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  Encyclopedia of Keywords > Nature > Natural Resources > Minerals > Gold > Gold Standard   Michael Charnine

Keywords and Sections
GOLD STANDARD MEANS
CURRENT GOLD STANDARD
INTERNAL GOLD STANDARD
GOLD BACKING
PAPER CURRENCIES
POUND STERLING
GOLD STANDARD ACT
FULL GOLD STANDARD
BARBAROUS RELIC
FOURTH COINAGE ACT
ABANDONMENT
DE-MONETIZED SILVER
CLASSICAL GOLD STANDARD
INTERNATIONAL GOLD STANDARD
COUNTRY
GUINEA
DESIRABLE
REALITY
SUPPLY-SIDE ECONOMICS
COMMON
FACT
CORONARY ANGIOGRAPHY
CARDIAC CATHETERIZATION
REASON
EXPECTATION
VISUALIZATION
RADIOACTIVE IODINE
IRON OVERLOAD
POLITICIANS
STABILITY
DOUBLE-BLIND
CREDIT
BANK
NAPOLEONIC WARS
CT SCAN
FED
LIBERTARIANISM
ADOPTION
DEGREE
ACCURACY
COMMON FEATURE
PFGE
OUTBREAK
DISADVANTAGE
LDQUO
SCREENING
Review of Short Phrases and Links

    This Review contains major "Gold Standard"- related terms, short phrases and links grouped together in the form of Encyclopedia article.

Definitions

  1. A gold standard is a special case of a currency board where the value of the national currency is linked to the value of gold instead of a foreign currency.
  2. Gold Standard, The - "What Was The Gold Standard?" looks at the history of the Gold Standard and how it influenced the money supply.
  3. The gold standard was only a system for exchange of value between national currencies, never an agreement to redeem all paper notes for gold.
  4. The gold standard was a commitment by participating countries to fix the prices of their domestic currencies in terms of a specified amount of gold.
  5. The gold standard is a monetary system in which the standard economic unit of account is a fixed weight of gold.

Gold Standard Means

  1. Esophageal manometry Manometry is the gold standard means for establishing the diagnosis of achalasia.

Current Gold Standard

  1. The current gold standard for diagnosis of GERD is esophageal pH monitoring.

Internal Gold Standard

  1. There was no restoration of an internal gold standard.

Gold Backing

  1. The gold standard variously specified how the gold backing would be implemented, including the amount of specie per currency unit.
  2. The resource cost of a gold standard has often been exaggerated by estimates that assume 100 percent gold backing for all forms of money.

Paper Currencies

  1. To maintain the gold standard, central banks had to promise to exchange actual gold for their paper currencies at the legal rate.

Pound Sterling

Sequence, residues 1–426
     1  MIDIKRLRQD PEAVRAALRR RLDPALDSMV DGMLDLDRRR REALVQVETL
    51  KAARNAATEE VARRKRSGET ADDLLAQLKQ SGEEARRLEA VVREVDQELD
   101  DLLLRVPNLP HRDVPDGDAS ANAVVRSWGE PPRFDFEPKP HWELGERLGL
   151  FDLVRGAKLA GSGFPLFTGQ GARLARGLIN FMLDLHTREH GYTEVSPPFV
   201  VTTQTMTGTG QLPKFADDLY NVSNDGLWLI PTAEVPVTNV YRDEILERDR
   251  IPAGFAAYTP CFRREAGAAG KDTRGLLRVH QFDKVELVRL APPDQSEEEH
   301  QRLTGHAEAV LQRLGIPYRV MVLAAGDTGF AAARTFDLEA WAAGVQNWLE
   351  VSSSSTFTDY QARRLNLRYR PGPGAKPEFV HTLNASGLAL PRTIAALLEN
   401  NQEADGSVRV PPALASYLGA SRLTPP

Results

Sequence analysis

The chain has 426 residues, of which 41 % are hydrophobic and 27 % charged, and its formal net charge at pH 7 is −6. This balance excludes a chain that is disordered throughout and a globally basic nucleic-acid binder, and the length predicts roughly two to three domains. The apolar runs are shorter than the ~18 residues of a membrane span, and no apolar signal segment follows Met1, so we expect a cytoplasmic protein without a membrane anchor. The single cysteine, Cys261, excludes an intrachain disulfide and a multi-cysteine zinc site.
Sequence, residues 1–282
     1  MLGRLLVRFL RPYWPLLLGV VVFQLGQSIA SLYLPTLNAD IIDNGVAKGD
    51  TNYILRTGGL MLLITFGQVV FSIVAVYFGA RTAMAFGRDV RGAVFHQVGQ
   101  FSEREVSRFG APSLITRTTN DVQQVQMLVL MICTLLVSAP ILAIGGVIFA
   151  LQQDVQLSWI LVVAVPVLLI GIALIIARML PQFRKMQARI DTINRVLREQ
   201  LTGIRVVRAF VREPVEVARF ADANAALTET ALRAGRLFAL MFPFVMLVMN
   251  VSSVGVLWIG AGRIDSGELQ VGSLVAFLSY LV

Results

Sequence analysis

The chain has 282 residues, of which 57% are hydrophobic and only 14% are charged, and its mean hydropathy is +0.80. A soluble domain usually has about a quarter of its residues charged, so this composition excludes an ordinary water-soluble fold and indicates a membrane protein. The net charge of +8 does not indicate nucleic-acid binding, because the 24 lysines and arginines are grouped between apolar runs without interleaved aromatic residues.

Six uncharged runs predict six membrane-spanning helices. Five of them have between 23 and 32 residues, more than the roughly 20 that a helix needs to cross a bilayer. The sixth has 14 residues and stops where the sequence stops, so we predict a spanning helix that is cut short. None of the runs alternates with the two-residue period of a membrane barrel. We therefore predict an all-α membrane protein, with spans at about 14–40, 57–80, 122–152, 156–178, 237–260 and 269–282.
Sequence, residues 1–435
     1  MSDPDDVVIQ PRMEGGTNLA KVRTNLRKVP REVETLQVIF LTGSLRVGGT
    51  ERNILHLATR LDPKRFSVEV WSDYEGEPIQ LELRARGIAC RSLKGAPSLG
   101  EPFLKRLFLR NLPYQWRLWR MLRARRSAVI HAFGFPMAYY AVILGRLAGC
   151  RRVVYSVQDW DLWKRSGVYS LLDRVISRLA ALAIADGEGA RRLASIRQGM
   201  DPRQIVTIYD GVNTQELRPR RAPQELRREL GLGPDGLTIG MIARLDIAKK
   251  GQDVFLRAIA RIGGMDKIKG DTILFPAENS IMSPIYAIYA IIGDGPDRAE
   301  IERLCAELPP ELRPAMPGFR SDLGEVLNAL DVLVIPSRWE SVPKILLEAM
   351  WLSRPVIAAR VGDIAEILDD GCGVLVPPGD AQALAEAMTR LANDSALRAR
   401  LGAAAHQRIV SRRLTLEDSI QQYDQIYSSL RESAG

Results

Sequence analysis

1. The Australian pound was on the Gold Standard and was equal in value to pound sterling.

Gold Standard Act

  1. This dispute was decisively settled when the United States switched to a gold standard in 1901 under the Gold Standard Act.

Full Gold Standard

  1. According to the strict interpretation of the gold standard, this 1844 act marks the establishment of a full gold standard for British money.
  2. If all circulating money can be represented by the appropriate amount of gold, then this is known as a 100% reserve gold standard, or a full gold standard.

Barbarous Relic

  1. Note that it is not gold that is the barbarous relic, but rather, Keynes is taking aim at the gold standard.

Fourth Coinage Act

  1. Fourth Coinage Act, which placed the United States on the gold standard.

Abandonment

  1. Since the abandonment of the gold standard, governments have not been obligated to repay the holders of currency in any form of precious metal.

De-Monetized Silver

  1. The Fourth Coinage Act was enacted by the United States Congress in 1873 and embraced the gold standard and de-monetized silver.

Classical Gold Standard

  1. If central banks once served a useful purpose, it was when they were governed by the discipline of the classical gold standard.

International Gold Standard

  1. The glitter of gold: France, bimetallism, and the emergence of the international gold standard, 1848-1873.
  2. Money and politics: European monetary unification and the international gold standard (1865-1873).

Country

  1. Between 1871 and 1900 every major country except China left their silver or bimetallic standard for a full gold standard.

Guinea

  1. Struck in 22-carat gold, it contained 113 grains of gold and replaced the guinea as the standard British gold coin without changing the gold standard.

Desirable

  1. The chief merit of the gold standard is not to be found in the stabilization of prices which is neither possible nor desirable.

Reality

  1. It would be a disaster if the American Austrians succeeded in making their "100 percent gold standard" a reality.
  2. In effect, by the 1920's the classical gold standard was essentially dead, which was the reality observed by Keynes.

Supply-Side Economics

  1. However the reverse is not true; many gold standard advocates are harsh critics of supply-side economics.

Common

  1. Political movements against the gold standard began and paper-based currencies became more common.

Fact

  1. In fact, the reverse is the case, the more expensive gold is, the more expensive the acquisition project to create a gold standard becomes.